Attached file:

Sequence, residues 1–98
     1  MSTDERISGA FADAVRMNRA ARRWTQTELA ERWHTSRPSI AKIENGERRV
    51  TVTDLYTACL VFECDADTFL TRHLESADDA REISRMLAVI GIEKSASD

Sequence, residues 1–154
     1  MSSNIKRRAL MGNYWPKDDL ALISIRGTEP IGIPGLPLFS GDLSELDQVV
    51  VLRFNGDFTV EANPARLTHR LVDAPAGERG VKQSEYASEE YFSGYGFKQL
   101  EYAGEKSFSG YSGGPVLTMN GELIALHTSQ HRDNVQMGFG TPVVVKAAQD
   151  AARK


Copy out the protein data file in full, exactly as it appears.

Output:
Sequence, residues 1–98
     1  MSTDERISGA FADAVRMNRA ARRWTQTELA ERWHTSRPSI AKIENGERRV
    51  TVTDLYTACL VFECDADTFL TRHLESADDA REISRMLAVI GIEKSASD

Sequence, residues 1–154
     1  MSSNIKRRAL MGNYWPKDDL ALISIRGTEP IGIPGLPLFS GDLSELDQVV
    51  VLRFNGDFTV EANPARLTHR LVDAPAGERG VKQSEYASEE YFSGYGFKQL
   101  EYAGEKSFSG YSGGPVLTMN GELIALHTSQ HRDNVQMGFG TPVVVKAAQD
   151  AARK